Finasteride (Proscar, Propecia) X Do not handle broken or crushed tablets
Fluvastatin (Lescol) X Caution should be exercised
Ganciclovir (Cytovene) C Caution for everyone handling tablets, capsules, or intravenous solution; men should use a barrier contraceptive for at least 90 days after last dose
Isotretinon (Accutane) X Do not handle broken or crushed tablets
Lenalidomide (Revlimid) X Avoid contact with capsule contents and body fluids
Melphalan (Alkeran) D Chemical hazard
Methotrexate X Avoid contact
Minocycline (Minocin) D Wear gloves or avoid contact with open capsules or broken tablets
Mycophenylate (CellCept) C Avoid inhalation or direct contact of powder in capsules, oral suspension, or injection for reconstitution
Raloxifene (Evista) X Do not crush tablets
Ribavirin (Virazole, Copegus, Rebetol) X Avoid direct care of patients receiving aerosolized ribavirin; surgical masks to not provide adequate protection. No recommendations for handling oral dosage forms, but 2 forms of birth control are recommended for female partners of men taking ribavirin, during therapy and for 6 months after treatment.
Streptomycin D Avoid handling
Tamoxifen (Nolvadex) D Chemical hazard
Testosterone topical (AndroGel, Testoderm) X Avoid skin contact
Thalidomide (Thalomid) X Do not handle or come into direct contact with capsules
Tretinon (Vesanoid) D Avoid using but handling is considered acceptable
Valganciclovir (Valcyte) C Avoid direct contact of broken or crushed tablets with skin or mucous membranes

Timpe et al also suggested general precautions while handling hazardous drugs by pregnant healthcare workers, such as:

  • use of gloves and facemasks
  • opening oral drugs in low traffic areas to avoid aerosol spread
  • use of universal precautions (e.g., disposing of waste from oral drugs in hazardous material or biowaste containers, cleaning of areas used to prepare drugs with disposable wipes)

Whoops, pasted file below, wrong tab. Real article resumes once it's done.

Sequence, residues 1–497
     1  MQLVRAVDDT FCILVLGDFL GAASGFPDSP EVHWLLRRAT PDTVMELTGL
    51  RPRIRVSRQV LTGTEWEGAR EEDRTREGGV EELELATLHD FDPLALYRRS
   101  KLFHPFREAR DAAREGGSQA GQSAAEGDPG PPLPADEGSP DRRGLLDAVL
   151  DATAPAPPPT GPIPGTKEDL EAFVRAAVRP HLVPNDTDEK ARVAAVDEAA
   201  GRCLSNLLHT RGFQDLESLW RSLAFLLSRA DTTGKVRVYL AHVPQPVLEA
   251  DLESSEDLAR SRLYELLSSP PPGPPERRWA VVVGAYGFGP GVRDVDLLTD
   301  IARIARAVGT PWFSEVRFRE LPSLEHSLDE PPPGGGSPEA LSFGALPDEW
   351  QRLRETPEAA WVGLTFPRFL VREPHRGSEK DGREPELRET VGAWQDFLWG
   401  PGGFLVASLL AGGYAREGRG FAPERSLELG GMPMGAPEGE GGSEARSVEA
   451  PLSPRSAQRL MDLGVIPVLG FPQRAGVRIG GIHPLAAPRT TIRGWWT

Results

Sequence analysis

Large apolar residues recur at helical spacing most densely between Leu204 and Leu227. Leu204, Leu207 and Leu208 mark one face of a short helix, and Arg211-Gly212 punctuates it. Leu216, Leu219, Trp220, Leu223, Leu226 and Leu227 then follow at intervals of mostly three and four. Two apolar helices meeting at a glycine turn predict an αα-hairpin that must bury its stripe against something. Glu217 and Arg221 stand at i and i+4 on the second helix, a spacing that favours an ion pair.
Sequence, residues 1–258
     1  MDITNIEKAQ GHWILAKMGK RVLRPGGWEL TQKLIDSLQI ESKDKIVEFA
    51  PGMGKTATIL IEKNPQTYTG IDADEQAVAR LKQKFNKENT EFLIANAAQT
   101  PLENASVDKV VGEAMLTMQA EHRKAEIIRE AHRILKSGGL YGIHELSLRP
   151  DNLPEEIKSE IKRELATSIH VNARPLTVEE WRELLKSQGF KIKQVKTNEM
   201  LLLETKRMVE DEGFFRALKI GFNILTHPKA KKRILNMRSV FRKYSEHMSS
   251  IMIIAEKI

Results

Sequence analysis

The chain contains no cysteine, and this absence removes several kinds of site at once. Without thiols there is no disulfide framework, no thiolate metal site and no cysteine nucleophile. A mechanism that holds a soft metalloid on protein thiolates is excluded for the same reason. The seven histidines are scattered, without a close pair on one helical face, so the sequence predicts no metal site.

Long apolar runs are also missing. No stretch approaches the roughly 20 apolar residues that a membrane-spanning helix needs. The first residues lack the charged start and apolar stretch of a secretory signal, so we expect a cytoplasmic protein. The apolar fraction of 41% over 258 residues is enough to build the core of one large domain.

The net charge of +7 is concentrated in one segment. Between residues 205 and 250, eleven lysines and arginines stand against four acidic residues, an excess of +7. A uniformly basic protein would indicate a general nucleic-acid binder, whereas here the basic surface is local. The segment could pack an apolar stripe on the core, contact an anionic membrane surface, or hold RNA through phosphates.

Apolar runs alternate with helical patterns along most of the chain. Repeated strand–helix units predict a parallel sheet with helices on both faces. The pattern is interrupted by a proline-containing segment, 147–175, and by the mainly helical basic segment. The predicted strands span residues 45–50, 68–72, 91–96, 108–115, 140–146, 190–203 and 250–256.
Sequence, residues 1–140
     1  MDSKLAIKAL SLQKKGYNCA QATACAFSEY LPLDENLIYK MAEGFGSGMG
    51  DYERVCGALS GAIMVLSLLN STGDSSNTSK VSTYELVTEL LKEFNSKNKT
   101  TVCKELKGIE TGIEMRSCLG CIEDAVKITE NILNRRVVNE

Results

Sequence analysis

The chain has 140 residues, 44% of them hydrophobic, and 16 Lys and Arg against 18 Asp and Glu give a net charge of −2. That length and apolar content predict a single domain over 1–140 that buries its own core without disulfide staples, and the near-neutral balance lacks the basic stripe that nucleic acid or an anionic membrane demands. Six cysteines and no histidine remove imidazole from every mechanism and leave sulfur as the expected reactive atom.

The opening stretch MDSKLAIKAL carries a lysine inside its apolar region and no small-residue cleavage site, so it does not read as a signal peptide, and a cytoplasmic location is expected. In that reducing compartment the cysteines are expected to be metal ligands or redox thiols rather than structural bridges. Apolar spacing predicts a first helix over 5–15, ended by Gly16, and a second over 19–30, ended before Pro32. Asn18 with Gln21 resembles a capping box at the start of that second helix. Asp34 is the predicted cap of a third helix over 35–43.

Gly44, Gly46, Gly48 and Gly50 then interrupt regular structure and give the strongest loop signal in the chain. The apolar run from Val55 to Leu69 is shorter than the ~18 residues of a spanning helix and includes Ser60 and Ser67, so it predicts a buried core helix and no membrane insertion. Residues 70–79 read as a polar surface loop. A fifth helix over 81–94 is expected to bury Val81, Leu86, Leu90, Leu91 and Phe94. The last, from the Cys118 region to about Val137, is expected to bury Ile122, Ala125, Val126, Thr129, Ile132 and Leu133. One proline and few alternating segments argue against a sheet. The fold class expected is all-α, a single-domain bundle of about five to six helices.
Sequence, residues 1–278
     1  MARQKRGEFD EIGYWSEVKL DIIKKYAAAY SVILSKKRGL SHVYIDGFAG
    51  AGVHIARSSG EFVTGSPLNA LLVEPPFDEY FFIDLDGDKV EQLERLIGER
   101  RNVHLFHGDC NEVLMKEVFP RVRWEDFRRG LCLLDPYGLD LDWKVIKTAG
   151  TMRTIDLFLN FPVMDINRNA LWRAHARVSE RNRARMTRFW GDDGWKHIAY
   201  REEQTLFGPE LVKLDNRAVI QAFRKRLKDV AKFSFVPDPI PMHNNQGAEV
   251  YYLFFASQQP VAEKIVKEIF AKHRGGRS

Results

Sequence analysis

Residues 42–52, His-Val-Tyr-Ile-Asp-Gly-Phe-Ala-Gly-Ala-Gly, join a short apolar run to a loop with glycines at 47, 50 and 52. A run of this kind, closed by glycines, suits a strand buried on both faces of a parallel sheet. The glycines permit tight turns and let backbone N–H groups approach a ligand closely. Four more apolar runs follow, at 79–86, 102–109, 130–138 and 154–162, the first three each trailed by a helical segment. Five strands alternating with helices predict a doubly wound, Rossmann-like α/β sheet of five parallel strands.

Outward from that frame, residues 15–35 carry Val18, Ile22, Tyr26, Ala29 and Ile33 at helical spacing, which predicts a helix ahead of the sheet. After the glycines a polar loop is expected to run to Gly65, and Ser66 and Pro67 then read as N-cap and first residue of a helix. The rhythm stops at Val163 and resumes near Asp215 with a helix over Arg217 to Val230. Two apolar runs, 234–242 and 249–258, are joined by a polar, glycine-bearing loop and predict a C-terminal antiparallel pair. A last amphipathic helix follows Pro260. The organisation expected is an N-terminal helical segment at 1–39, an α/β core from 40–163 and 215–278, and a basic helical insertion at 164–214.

Summary
Although the reproductive risks of occupational exposure to injectable drugs, such as chemotherapies for treatment of cancer, are well known, oral drugs may also be associated with adverse effects on reproduction. Female healthcare workers should be aware of what drugs should be handled cautiously, if at all, while pregnant or attempting a pregnancy. Use of specific precautions (wearing gloves and facemasks or frequent handwashing) to minimize exposure while handling these drugs should be considered.

References
Timpe E, Motl S, Hogan M. Environmental exposure of health care workers to category D and X medications. Am J Health-Sys Pharm. 2004;61(15):1556-7.

Reproductive hazards of handling medications. Pharmacist’s Letter/Prescriber’s Letter 2006;22:220339.

Mitchell J. Oral dosage forms that should not be crushed. Institute for Safe Medication Practices. Available at: http://www.ismp.org/Tools/DoNotCrush.pdf. Accessed March 1, 2008.

American Society of Health-System. ASHP Guidelines on Handling Hazardous Drugs. Available at: http://www.ashp.org/s_ashp/bin.asp?CID=6&DID=5420&DOC=FILE.PDF. Accessed March 1, 2008.